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Opal History

Opal History

Opal - the most valued of all gems

Opal HistoryOpal derived its name from “Opalus” which means “to see a change in colour”. Onomacritus, an ancient Greek poet wrote “the delicate colour and tenderness of the opal reminded him of a loving and beautiful child”. However, it was the Romans who popularised them over two thousand years ago. Opals from this era are thought to have come from Cernowitz, a mountainous region in what was at that time Hungary , but now Slovakia . However early Romans believed the source was India , an incorrect belief promoted by traders in order to protect their interests.

Pliny the Elder wrote the first Natural History of the World in the first century AD. In this most important publication he wrote that Opal was the most highly prized and valuable of all gemstones in the Empire. Pliny wrote that price was set “according to the decree generally set down and pronounced by our nice and costly dames”!

Pliny's admiration for opal is encapsulated in the following text:

“For in them you shall see the living fire of ruby, the glorious purple of the amethyst, the sea-green of the emerald, all glittering together in an incredible mixture of light”. (Pliny Ist Century AD)

Famous People and Opal

Mark Anthony

Mark Antony loved opal. Pliny wrote that Antony coveted an opal owned by Senator Nonius and banished the Senator after he refused to sell the almond sized stone, reputed to be worth 20,000 sesterces (hundreds of thousands of dollars today). The Senator preferred to be “turned out of house and home” than part with his opal. According to Kozminsky * the ring was discovered in the tomb of the “firm willed Senator” early in the twentieth century.

Opal has been used in the crowns of kings; the crown jewels of France included fine specimens of opal, and the crown of the Holy Roman Emperor contained an opal stone.

Napoleon & Josephine

Napoleon presented his Empress Josephine with the “Burning of Troy”, a magnificent opal with brilliant red flashes.

Queen Victoria

Queen VictoriaQueen Victoria became a lover of opal and wore opals throughout her reign. Her friends and her five daughters were presented with fine opals. Opal became highly sought after because the Royal Court of Britain was regarded as the model for fashion around the world and fine quality opal had recently been discovered in far-off Australia.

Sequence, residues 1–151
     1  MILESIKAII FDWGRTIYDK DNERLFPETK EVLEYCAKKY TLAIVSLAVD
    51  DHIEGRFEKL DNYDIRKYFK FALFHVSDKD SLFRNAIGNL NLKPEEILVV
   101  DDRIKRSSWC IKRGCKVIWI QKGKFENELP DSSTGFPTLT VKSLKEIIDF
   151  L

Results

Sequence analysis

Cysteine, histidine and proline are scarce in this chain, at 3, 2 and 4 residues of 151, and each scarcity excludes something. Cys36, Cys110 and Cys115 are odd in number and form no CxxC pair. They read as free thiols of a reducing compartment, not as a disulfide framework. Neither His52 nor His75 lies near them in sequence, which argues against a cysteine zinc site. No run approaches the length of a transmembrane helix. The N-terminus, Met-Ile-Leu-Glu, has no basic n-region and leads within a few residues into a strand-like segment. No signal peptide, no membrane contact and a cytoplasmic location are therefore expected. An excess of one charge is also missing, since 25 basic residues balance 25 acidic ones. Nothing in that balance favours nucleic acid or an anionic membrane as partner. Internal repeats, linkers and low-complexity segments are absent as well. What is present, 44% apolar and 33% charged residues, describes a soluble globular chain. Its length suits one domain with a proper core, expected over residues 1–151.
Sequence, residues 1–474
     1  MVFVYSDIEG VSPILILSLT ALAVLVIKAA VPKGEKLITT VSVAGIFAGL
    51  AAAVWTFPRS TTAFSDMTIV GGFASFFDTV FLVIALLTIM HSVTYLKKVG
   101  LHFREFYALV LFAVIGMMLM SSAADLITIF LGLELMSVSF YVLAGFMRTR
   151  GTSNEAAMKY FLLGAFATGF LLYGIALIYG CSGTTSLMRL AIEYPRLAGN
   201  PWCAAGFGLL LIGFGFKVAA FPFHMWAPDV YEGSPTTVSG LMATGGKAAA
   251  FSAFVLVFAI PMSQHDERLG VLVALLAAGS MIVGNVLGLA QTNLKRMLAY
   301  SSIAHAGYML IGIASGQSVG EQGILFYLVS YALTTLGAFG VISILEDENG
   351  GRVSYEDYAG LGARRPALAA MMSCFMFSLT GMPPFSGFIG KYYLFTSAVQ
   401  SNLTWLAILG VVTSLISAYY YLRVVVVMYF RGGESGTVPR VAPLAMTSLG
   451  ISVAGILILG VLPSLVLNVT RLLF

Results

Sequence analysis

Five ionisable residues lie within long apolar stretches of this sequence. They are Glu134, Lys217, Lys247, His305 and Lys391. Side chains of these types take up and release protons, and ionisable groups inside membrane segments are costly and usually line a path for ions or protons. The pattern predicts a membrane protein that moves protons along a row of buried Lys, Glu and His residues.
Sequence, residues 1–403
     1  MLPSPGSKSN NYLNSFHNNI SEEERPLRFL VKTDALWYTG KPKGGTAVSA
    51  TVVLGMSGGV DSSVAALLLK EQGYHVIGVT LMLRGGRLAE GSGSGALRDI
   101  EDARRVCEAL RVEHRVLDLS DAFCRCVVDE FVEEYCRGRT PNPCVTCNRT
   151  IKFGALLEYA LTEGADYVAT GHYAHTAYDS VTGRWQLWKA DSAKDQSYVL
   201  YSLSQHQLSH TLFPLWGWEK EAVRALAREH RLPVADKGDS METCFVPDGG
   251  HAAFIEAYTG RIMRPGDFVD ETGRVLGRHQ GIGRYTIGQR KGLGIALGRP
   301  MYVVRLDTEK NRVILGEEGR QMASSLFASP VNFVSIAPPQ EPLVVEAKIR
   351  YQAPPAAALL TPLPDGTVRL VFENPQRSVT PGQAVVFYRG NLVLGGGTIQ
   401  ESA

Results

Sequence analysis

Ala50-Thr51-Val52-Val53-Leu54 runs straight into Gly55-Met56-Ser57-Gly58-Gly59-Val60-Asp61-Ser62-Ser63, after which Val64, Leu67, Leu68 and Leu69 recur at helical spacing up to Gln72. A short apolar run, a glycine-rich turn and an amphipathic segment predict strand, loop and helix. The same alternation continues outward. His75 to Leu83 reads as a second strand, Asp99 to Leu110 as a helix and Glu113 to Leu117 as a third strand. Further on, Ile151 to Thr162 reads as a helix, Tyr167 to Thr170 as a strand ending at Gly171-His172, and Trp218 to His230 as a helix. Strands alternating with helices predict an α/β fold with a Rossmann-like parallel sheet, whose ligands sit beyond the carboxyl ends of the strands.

Australia's vibrant opal industry began with pioneering opal miners who worked (and sometimes died) in the remote Australian outback.

Tullie Cornthwaite Wollaston, born in South Australia in 1863, braved life-threatening conditions to acquire opal from early miners in remote, desolate areas. It was Tullie Wollaston who introduced Australian opal to the rest of the world. He is considered the father of the opal industry.

An epic desert journey

While working in Adelaide, Wollaston developed an interest in gemstones. In November 1888, hearing of a new opal find, Wollaston and two companions – Herbert Butterfield and an Aboriginal boy named Tomtit - left Adelaide on an 1100 km trek for southwestern Queensland.

After completing part of the journey by rail, the men travelled on by camel across the South Australian desert. They endured searing temperatures, suffered heat stroke, and drank from a fouled water hole putrid with dead and dying animals.

During the hottest summer on record, they walked across rough country to spare their weak, sore-footed camels. When water supplies became dangerously low, Wollaston followed some small birds to a waterhole.

On the last day of their journey the travellers were advised to follow a set of horse tracks in order to find Joe Bridle's Stony Creek opal mine. The tracks went around in circles and they became hopelessly lost. For 17 hours they followed those tracks until finally reaching their destination. They had followed the trail of Joe's mate who had been drunk and bushed for 24 hours!

After buying opal from local prospectors, Wollaston headed back to Adelaide, leaving Butterfield to take care of their new mining ventures. The next day, Butterfield went out to round up the camels. After walking several kilometres in the heat he collapsed and died.

Taking Australian opal to the world

In 1889, Wollaston set sail for England with a parcel of Queensland opal.

London gem merchants were unaccustomed to the brilliant Queensland gems and refused to purchase them. Wollaston persisted until the firm Hasluck Bros, of Hatton Garden , agreed to trial the stones in Europe and America . Before long Australian Opal had been introduced to famous jewellery houses that began to feature opal in their designs, these included Tiffany, Lalique, and Cartier. Wollaston established many markets for Australian opal. He died in 1931, a wealthy man.

Australia now produces around 95 per cent of the world's opal supply. Australian opal is prized the world over, thanks to the pioneering efforts of Tullie Wollaston.